The image quality of the home movies is good considering their age and that they were never intended to be shown publicly. While the scenes from those clips are not too interesting in and of themselves (though they do include some onstage footage, sometimes shot not by Jones but by others with the entourage), they make a suitable backdrop for the drummers' tales. The movies do include a lot of incidental horsing around and travelogue/tourist bits that, along with Jones' descriptions of these less vital aspects of the journey, will likely be the parts that viewers will find most exasperating and least necessary. The DVD also uses some still tour photos to complement Jones' dialogue, which is sometimes prompted by a rather wooden off-screen interviewer. Incidentally, the Dylan songs heard in the background during some of the DVD are not actual Bob Dylan recordings (let alone recordings from Dylan's 1966 world tour), but facsimiles of Dylan songs by the Bob Dylan tribute band Highway 61 Revisited.

Family, BBC Radio Vol. 1 1968-69 (Hux). These 16 tracks are almost wholly composed of BBC versions of songs from Family's first three albums, though one ("Holding the Compass") didn't turn up until their fourth LP; another ("No Mule's Fool") was a 1969 single; and another, "I Sing 'Um the Way I Feel," was a J.B. Lenoir blues tune the band never put on their official records. Some of this material has come out on bootlegs, but the sound on this is notably superior -- it's quite good for a BBC archive release from any era, in fact. And while the arrangements don't differ too drastically from the studio versions, these performances are excellent. There's a bit of a loose live feel, but they demonstrate that the band -- unlike some others of the early progressive rock era -- were capable of re-creating their intricate, disciplined rock-blues-jazz-folk-miscellany interplay in a live setting, without sacrificing any of their gritty energy. Some of these renditions predate the release of the studio versions, sometimes by quite a bit; in the case of "Holding the Compass," in fact, the lyrics would change by the time it made it onto the Anyway album. Some might lament the absence of some particular favorites from their early days; there's no "Hey Mr. Policeman," for example. But really there's nothing to complain about considering the strong selection of songs here, which include such highlights of their early repertoire as "See Through Windows," "Drowned in Wine," the distressingly haunting folk-rockish "The Weaver's Answer," and the wistful "Observations from a Hill."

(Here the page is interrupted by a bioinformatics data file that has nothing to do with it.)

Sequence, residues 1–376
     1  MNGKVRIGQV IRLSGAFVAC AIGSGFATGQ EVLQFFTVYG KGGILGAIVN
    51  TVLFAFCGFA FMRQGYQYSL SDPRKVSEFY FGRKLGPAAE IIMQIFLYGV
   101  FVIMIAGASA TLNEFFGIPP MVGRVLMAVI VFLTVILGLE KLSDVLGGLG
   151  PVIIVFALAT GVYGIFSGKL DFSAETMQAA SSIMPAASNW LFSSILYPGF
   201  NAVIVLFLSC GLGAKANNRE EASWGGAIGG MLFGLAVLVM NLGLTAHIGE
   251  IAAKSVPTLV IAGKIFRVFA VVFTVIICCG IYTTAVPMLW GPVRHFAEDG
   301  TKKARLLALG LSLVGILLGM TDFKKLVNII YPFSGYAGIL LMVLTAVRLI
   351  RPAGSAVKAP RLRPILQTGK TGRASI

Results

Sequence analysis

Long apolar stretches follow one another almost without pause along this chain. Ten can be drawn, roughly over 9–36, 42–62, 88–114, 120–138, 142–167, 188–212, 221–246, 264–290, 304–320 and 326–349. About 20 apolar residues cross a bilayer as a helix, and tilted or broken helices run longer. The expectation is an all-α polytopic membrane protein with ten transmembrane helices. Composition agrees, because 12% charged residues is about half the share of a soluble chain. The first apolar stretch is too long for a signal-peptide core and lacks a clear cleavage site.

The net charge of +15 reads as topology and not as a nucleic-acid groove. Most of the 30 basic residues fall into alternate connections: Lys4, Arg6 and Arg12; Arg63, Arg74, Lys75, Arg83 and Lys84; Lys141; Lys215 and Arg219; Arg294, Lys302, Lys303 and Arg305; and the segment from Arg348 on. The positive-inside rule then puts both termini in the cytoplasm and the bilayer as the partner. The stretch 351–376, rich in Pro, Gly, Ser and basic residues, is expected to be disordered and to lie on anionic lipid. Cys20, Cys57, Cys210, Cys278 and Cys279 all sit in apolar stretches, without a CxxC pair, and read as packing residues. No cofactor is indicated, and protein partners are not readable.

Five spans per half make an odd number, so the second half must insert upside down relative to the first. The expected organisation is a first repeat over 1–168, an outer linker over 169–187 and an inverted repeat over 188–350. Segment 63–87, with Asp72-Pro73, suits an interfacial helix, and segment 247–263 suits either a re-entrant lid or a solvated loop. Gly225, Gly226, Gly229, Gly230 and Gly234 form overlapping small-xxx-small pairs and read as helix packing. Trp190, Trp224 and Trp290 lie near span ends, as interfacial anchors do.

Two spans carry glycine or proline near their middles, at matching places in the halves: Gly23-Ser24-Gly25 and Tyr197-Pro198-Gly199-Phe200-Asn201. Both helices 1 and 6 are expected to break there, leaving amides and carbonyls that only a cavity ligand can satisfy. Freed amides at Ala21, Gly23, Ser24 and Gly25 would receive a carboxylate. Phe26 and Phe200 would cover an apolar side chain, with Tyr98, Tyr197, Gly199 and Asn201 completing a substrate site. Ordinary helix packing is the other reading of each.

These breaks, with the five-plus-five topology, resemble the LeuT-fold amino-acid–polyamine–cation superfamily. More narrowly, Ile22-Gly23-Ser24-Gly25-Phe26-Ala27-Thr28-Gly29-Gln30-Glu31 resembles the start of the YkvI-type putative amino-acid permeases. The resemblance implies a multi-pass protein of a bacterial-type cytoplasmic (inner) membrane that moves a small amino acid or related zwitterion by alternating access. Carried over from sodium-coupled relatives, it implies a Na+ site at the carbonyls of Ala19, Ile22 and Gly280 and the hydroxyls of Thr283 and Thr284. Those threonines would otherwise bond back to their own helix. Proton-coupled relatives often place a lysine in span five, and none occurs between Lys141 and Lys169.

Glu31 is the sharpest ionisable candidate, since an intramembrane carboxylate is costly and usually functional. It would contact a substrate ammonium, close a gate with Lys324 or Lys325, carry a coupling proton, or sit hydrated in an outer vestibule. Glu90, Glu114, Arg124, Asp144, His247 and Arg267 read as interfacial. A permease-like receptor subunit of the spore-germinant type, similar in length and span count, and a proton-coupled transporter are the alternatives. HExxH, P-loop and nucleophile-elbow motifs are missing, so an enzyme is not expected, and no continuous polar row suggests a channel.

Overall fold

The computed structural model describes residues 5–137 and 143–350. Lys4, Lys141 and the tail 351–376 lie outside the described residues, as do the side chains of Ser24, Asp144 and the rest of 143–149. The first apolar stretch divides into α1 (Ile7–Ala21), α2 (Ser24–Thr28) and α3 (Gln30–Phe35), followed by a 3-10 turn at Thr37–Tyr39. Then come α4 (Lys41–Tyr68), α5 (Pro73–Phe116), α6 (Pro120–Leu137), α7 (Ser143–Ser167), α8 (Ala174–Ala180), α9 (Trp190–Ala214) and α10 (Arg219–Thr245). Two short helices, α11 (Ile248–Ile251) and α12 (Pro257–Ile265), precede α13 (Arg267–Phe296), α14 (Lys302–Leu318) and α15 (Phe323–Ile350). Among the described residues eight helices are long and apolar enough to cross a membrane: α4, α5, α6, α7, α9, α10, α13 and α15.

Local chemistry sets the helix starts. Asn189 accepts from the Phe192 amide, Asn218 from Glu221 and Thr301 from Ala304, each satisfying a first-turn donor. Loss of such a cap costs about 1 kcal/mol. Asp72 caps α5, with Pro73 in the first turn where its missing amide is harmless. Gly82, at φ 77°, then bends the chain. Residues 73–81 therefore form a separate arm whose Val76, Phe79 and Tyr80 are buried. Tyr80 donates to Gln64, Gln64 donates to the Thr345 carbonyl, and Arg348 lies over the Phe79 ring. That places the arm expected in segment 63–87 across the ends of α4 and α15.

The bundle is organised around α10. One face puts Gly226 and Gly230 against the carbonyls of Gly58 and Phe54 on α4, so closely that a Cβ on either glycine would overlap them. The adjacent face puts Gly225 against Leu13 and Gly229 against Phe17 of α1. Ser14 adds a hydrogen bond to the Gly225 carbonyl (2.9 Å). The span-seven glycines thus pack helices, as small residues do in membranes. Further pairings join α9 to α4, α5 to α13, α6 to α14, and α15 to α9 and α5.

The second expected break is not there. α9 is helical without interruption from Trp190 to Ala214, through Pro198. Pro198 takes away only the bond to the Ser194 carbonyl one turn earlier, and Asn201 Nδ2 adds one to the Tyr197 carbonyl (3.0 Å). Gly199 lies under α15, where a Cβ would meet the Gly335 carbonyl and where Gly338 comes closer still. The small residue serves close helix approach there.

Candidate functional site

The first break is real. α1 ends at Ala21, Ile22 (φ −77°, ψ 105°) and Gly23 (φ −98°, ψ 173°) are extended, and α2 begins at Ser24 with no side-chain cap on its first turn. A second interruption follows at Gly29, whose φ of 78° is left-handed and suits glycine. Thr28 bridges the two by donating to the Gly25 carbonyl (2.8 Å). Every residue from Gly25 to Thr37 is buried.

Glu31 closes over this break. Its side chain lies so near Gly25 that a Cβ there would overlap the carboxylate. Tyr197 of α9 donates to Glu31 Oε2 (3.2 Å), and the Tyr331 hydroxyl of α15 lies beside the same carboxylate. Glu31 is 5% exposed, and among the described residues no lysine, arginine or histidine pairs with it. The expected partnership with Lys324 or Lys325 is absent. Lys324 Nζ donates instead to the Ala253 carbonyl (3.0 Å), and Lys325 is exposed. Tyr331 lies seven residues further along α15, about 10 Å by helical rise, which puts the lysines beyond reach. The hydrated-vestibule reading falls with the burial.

Mable John, My Name Is Mable (Universal). Mable John's stint with Motown was sufficiently obscure that even some of the relatively few soul fans who know of her work at all aren't aware that she started her career with the label. She did record a fair amount of material while there, and the accurately titled My Name Is Mable: The Complete Collection has all of it, containing all nine songs that showed up on 1960-63 singles (including both the stringless and with-strings versions of "No Love," and both the 1960 and 1963 versions of "Who Wouldn't Love a Man Like That") and ten previously unreleased outtakes. It's fine music, not just as quality early soul by one of the style's more underrated vocalists, but also as a document of Motown when it was at its bluesiest, and still looking to nail down the pop-soul groove that would eventually become its strongest suit. Several of the figures who would be key to Motown's success were involved with these sides, among them (as producers and songwriters) Berry Gordy, Mickey Stevenson, Smokey Robinson, Stevie Wonder, Clarence Paul, Brian Holland, and Lamont Dozier. Too, the then-hitless Supremes and Temptations supplied backup vocals. What, then, was missing, considering that John was a mature, passionately strong gospel-influenced singer? Not much, except perhaps truly great songs that would have been obvious hits. The songs are decent, and though they've been a bit lazily classified as blues by some, you can virtually always hear the classic Motown sound in embryo. "Who Wouldn't Love a Man Like That" doesn't sound much different from the early Miracles' material, for instance, and you could certainly hear other songs fitting into the early repertoire of fellow Motowners like Marvin Gaye and Mary Wells without a problem. Some fans might prefer the funkier stuff that John recorded later in the '60s for Stax (as heard on the Stay Out of My Kitchen compilation), but this anthology is strong enough to appeal to general fans of early soul music, not just specialist collectors.